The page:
If you've been on Pinterest or Instagram any time in the past few years and done any kind of search for mini quilts, you've probably seen this picture or one just like it.
While Camille will be the first one to tell you that she didn't invent the mini-quilt, I don't think it's a stretch to say that she has had a lot to do with their popularity in the past several years. I'm guessing that's due in no small part to pictures like the one above.
I love mini quilts. But I don't have a lot of wall-space for a "wall of minis". So I prefer to make pillows. I love throw pillows - and I switch out covers fairly regularly. If there's a really pretty piece of fabric that I love but don't know that I'd ever use in a quilt - I make a pillow.
So find a mini quilt you want to make.
I picked this one...
The finished mini quilt measures 12" x 16". The rows are 2" wide so adding three rows will make it 16" x 16" - the size of a standard pillow form. Or I could add 2" wide borders to make it 20" x 20" - another standard pillow form size.
Or I could put it sideways and use a 12" x 16" pillow form. That wasn't my first choice either. I am considering "going big" with 24" x 24"... but that will require at least 110 of those little blocks.
Did I mention they're 2" x 2 1/4" finished? Yes, you'll know how it goes... eventually.
All that matters is that adding borders or additional blocks is all it takes to turn any mini pattern into a standard-size pillow. And those are just the starting point - there really are dozens of readily available sizes for pillow forms.
The other thing I'm enjoying about this pattern is this...
I haven't done this in a really long time and okay, it's been humbling and hilarious to have to re-adjust my thinking about what to do and when.
Yes, I do have a few favorite methods and tools:
- Simple Foundations Translucent Vellum Paper by C&T. It's not the only paper on the market but it is my favorite because I can see through it, it tears easily, and it goes through my home printer-copier easily.
- 28mm rotary cutter. Any size will work but when it comes to paper-piecing and this kind of trimming, I seem to do better with the smaller blade. Olfa is not required, it's just the one I've had forever.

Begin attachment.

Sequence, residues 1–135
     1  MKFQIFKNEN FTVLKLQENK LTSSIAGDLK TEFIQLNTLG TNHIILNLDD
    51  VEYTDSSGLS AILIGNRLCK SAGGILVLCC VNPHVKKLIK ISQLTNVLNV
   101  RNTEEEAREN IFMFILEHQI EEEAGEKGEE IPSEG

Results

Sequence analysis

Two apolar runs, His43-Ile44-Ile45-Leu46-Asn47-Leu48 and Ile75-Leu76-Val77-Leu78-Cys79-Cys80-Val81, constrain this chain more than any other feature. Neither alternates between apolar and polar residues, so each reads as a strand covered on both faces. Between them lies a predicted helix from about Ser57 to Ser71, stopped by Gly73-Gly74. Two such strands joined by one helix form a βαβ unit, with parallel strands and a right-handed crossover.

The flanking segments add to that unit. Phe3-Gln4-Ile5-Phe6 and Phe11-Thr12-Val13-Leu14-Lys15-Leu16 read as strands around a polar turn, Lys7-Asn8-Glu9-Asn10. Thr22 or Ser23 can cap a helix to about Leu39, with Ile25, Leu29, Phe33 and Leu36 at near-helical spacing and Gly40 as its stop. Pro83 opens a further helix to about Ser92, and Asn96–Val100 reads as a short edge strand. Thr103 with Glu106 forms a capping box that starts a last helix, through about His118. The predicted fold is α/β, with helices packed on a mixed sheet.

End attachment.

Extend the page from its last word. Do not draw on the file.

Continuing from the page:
- Add-a-Quarter ruler. It comes in several lengths and widths, and at least two colors. I prefer the 6" length and the narrower width - probably because it's what I'm used to. (Old dog and all that.)
- Glue stick. I prefer using a little bit of glue - a little dab will do 'ya - over pinning the fabric in place with the paper.
- Cardstock. I always have cardstock around - often a postcard or some such thing. Template plastic? Not so much.
If you think I'm starting early, you'd be partially correct. I intend - hope - to use this in December of this year. I started it in late February for an "office challenge" to make a Christmas pillow that we could use for various purposes this year. Our first deadline was March 1st. Several people asked for extensions - only MaryAnn finished her pillow on time. Our second deadline was March 15th. Two others made that deadline. There are now seven pillows... with at least one more coming.
(Pictures coming soon.)
If you're interested in paper-piecing, I have a couple of terrific resources to share:
- Sassafras Lane's excellent Sew-ology Sunday Paper Piecing Tutorial
- Nancy Mahoney's Learn to Paper Piece book from Martingale/That Patchwork Place
- Carol Doak's Paper Piecing the Carol Doak Way - seriously, she literally "wrote the book" on paper-piecing so you know it's going to be good.
That's it for today - I need to go make a few more little blocks if I'm going to finish by Christmas.
But I'll leave you with this...
(And I really didn't start making my pillow until the night before the second deadline... but shhhh.)